RoboRosewater showed us that computers can help us brainstorm. AlphaGo has a new lesson on offer: if a game is deep enough, AI players can direct us toward avenues of complexity that humans have yet to explore. Computer assists can be valuable at both ends of a game’s lifecycle.
Thanks all for your patience while I was away!
Privateer Press formally opened their publicly-accessible playtesting today. I’m eager to see how it works out; running good playtests is demanding, so both the company and the community have their work cut out for them. Here’s hoping for good things; public beta tests could be more valuable than I think they have been for many outfits that have tried them, and I would love to see Privateer Press taking a lead in this area.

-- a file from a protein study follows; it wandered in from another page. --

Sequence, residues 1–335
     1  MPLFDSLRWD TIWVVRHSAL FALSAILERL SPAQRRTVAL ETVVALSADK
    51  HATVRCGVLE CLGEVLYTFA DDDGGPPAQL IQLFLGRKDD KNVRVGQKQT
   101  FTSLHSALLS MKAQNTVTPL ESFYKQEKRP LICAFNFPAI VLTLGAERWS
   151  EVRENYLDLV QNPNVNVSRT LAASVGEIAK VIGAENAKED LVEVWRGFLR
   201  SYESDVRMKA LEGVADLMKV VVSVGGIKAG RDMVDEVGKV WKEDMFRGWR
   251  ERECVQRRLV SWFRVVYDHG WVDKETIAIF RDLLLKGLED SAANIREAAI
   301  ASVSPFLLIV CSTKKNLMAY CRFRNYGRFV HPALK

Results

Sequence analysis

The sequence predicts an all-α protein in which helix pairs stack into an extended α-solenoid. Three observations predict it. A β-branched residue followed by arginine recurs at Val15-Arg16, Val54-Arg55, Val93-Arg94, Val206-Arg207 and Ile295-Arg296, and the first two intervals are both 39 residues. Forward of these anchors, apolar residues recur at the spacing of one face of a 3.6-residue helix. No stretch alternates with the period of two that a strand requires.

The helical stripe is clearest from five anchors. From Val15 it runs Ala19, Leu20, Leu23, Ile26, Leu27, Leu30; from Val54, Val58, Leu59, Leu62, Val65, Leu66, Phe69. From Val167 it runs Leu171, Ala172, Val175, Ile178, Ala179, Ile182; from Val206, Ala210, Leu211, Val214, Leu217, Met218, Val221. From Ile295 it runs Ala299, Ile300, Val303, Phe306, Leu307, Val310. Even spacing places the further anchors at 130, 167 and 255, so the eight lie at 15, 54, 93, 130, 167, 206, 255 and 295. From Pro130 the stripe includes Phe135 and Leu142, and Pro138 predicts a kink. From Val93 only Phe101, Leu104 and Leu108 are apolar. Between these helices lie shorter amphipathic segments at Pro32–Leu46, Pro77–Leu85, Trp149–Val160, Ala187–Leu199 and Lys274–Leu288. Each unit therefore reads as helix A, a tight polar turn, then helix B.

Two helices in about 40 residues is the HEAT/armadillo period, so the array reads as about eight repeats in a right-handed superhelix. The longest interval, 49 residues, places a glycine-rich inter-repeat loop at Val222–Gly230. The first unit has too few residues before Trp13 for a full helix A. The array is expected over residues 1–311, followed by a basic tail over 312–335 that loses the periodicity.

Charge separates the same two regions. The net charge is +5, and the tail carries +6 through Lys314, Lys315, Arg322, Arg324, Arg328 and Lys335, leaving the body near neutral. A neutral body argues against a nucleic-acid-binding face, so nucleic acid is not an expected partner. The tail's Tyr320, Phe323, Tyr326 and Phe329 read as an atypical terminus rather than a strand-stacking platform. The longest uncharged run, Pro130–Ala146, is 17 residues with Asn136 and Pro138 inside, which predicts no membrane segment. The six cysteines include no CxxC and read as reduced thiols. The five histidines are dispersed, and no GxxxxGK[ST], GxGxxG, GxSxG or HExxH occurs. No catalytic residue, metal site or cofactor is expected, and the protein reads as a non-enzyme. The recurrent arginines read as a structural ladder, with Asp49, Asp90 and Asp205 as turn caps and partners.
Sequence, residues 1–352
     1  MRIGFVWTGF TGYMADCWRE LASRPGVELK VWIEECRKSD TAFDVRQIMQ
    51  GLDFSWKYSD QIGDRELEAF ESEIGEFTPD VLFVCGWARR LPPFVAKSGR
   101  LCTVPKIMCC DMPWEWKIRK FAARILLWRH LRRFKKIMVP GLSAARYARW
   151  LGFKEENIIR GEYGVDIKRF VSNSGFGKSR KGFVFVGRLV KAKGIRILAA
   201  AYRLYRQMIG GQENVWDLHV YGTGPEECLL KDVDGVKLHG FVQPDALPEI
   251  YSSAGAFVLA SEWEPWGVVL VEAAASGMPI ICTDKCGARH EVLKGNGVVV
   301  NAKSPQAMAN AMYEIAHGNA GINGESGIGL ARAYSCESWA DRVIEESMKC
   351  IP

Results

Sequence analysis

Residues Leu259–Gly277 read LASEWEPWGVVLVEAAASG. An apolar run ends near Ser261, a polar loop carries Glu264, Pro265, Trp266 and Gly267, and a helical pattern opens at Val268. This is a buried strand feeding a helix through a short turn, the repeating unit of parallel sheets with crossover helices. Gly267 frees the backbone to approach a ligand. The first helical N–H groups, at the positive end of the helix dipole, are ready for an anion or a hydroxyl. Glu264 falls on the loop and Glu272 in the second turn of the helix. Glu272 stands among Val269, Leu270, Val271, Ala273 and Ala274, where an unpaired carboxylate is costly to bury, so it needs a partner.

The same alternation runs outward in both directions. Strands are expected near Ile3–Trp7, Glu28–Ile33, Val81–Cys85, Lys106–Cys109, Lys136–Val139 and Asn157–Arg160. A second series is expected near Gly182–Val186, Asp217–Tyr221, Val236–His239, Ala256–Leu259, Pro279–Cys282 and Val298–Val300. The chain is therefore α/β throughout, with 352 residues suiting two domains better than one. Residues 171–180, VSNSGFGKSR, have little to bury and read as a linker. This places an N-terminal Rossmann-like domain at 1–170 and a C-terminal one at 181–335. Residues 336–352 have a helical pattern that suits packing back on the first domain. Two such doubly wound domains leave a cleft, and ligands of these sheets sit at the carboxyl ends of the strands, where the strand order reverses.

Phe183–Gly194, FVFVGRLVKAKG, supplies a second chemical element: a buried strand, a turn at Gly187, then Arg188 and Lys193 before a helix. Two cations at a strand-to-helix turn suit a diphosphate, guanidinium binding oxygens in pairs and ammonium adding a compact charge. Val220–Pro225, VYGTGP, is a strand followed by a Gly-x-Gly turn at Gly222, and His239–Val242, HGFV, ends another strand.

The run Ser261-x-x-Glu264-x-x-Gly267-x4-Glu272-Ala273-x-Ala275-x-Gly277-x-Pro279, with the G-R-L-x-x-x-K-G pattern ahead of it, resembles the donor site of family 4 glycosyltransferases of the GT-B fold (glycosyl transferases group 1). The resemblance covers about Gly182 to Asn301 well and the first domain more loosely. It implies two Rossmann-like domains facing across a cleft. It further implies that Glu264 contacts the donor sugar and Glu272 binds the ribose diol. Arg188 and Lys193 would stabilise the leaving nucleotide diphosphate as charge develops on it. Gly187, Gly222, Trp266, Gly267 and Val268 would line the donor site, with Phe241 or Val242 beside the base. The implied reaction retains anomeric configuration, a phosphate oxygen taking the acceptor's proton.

In the meantime, I think it’s interesting to see how Privateer Press describes playtesting. Many designers considering public betas have to figure out how to explain what they need to a competitive player community. The linked document is one of what I hope will someday be many examples.
It’s a given that large-scale digital games like Hearthstone can collect a lot of data. More interesting, I think, is how the designers interpret what they gather. What kinds of information do they use? How do they interpret the patterns they see?
Those questions make this post by Ben Brode, Hearthstone’s Game Director, worthy of study. He highlights particular statistics, and notes what they mean to the Hearthstone design team. It’s a great window into how professional designers running a major product grapple with both design problems, and the overwhelming amount of raw data that’s meant to help them address game issues.